On December 29, 2010 (Beiing)
1. Morning Session
Professor Ronald Coase, Mrs. Coase, Ladies and Gentlemen,
Let's start the conference: Coase and China. This conference is holding in three different places: Chicago, Beijing, and Shanghai, with two different times. Now it is 19 o'clock, December 28 in Chicago, or 9 o'clock, December 29 in Beijing and Shanghai. However, all of us at the conference have a common time. Now it is 1 o'clock, December 29, 2010 in London. Near London, there is a place called Willesden where 100 years ago, on December 29, 1910, a boy was born. Afterward, this boy became a great man, who launched a revolution in the field of economics, started up the new institutional economics which influenced very much the economic practices, especially those of the reform in China. His name is Ronald Harry Coase.
Today, we are gathering for celebrating together his 100th birthday. We understand very clearly that we can not present him a birthday gift more valuable than a spiritual one, because he is a thinker. Therefore, we are holding here this conference.
Firstly, I'd like to invite a very important figure, Prof. Steve. N. S. Cheung, to represent us to extend our congratulations to Prof. Coase on his 100th birthday. Let's welcome Prof. Steve. N. S. Cheung to give us a speech.
Prof. Steven N. S. Cheung: (The English translation of a Chinese blog text, "Coase Turned a Hundred", written by Prof. Cheung was released in substitution for the transcript of the original English speech)
Coase Turned a Hundred
To mark Coase's 100th birthday, some friends in Beijing held a "Coase and China" conference. My sister happened to visit Shanghai at that time. I had to entertain the old lady and could not join the conference. With Coase becoming a centenarian, it would be inappropriate if I, the youngest old man, did not say a few words. Our friends therefore arranged a videoconference, at three distinct places, over the Internet.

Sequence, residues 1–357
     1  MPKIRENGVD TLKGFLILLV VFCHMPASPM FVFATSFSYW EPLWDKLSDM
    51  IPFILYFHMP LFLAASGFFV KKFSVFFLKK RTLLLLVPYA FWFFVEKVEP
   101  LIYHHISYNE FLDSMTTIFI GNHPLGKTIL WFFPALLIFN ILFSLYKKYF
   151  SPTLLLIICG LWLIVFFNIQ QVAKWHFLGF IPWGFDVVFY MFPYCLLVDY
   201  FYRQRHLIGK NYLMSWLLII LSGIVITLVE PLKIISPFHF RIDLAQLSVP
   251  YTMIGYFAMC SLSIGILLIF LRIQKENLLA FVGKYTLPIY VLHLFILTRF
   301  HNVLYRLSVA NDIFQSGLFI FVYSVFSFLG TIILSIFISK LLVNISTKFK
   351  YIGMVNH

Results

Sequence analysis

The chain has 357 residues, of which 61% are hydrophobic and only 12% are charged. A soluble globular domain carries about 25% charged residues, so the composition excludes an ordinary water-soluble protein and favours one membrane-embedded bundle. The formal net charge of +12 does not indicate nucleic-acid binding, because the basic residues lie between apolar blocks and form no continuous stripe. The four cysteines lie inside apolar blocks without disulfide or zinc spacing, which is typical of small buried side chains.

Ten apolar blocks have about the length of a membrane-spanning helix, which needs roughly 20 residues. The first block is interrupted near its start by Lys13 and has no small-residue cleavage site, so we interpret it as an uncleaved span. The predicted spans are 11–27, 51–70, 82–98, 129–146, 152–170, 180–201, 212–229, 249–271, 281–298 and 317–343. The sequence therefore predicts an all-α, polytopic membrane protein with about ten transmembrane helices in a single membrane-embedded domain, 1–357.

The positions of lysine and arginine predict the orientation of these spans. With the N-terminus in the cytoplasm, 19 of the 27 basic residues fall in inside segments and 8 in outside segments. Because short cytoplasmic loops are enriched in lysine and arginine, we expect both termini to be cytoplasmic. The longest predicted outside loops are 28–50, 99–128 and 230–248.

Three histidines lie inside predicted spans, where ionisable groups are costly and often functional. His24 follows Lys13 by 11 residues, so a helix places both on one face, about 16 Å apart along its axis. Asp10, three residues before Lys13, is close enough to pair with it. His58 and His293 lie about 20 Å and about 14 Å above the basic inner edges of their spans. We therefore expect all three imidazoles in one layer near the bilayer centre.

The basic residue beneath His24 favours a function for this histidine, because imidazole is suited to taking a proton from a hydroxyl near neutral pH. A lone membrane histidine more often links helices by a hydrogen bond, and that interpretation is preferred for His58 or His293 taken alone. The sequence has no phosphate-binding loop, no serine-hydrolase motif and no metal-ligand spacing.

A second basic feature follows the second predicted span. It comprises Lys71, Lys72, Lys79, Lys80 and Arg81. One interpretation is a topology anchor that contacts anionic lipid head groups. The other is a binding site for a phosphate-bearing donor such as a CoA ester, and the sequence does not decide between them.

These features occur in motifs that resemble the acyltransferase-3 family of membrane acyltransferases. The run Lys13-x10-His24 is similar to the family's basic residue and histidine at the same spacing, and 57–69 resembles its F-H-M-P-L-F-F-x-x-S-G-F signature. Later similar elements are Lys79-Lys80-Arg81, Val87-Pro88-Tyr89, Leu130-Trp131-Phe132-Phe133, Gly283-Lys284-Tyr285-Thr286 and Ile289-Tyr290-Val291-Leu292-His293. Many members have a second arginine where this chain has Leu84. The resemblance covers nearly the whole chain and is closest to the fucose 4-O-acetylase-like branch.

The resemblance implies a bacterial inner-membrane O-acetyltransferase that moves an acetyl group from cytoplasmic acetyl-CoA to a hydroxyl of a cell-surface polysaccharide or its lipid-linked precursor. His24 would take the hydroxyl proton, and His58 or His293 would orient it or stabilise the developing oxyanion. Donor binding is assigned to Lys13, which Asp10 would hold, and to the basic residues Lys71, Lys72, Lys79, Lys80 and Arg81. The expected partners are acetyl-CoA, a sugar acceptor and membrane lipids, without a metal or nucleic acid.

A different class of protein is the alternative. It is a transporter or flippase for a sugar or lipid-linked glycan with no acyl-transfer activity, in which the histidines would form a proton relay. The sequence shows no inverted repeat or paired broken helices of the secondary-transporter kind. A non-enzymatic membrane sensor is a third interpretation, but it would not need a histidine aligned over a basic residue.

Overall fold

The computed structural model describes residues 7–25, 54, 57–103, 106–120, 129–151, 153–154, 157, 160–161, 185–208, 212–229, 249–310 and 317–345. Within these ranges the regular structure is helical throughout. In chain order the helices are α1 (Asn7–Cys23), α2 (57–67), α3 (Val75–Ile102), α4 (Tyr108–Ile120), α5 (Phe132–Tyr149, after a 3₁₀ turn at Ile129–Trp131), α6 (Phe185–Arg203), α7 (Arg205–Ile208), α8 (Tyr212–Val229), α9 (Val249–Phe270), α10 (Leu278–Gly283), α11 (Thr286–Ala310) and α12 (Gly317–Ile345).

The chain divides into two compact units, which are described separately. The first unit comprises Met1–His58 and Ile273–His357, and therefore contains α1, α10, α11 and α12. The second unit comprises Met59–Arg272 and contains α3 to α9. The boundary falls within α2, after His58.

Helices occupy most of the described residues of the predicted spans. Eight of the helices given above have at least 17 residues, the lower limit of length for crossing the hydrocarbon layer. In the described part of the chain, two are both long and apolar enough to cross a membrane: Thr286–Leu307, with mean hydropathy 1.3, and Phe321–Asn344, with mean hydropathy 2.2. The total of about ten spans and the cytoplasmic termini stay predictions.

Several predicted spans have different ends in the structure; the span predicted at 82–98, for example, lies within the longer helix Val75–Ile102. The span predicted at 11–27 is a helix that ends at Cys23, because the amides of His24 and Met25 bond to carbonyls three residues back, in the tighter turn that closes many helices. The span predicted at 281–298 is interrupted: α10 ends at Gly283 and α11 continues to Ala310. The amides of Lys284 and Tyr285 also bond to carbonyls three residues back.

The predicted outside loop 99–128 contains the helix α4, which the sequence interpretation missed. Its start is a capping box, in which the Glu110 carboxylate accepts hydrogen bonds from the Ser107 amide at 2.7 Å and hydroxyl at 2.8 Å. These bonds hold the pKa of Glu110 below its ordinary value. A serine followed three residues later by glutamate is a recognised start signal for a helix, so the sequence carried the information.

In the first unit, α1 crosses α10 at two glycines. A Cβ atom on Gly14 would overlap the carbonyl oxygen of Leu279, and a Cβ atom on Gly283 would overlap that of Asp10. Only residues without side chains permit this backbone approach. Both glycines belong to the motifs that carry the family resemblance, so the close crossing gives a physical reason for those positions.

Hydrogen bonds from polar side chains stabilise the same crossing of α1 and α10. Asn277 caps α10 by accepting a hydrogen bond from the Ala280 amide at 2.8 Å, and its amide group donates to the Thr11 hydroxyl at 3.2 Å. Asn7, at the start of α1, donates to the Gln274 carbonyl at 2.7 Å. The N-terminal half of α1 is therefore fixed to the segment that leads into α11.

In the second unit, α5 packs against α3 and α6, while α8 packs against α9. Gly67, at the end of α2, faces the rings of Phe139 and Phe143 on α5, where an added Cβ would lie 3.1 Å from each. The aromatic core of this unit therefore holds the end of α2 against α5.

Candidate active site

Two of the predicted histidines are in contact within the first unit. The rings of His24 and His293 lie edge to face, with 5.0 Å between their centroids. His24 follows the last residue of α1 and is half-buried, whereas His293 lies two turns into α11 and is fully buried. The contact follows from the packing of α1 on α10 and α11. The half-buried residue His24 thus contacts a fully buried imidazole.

Advanced technology floundered. We had a few barely successful trials, and on the very day we spent half an hour in a futile attempt to make ourselves clearly heard and seen. Time was up. Braving it out, I talked casually for 20 minutes. Then, a day later, and it was Coase's birthday in the States' time zone, his assistant e-mailed the message that Coase was disappointed at not being able to hear me. He wanted me to give the speech again, directly to him, over the Internet. This time he heard me well. Speaking from memory, it was perhaps somewhat different from what I said in the previous day. My wife kept telling me to slow down. My talk was more systematic this time, as I presented it by points. They were roughly as follows:
1. Economics flourished most notably in two periods, at two places ― the 1930s, at the London School of Economics, and the 1960s, at Chicago. To my knowledge, Coase is the only person who had participated in both. The 1960s saw the most promising development of economics, and Coase was a major contributor. I reckon, therefore, that in terms of timing Coase is the most blessed economist in a hundred years.
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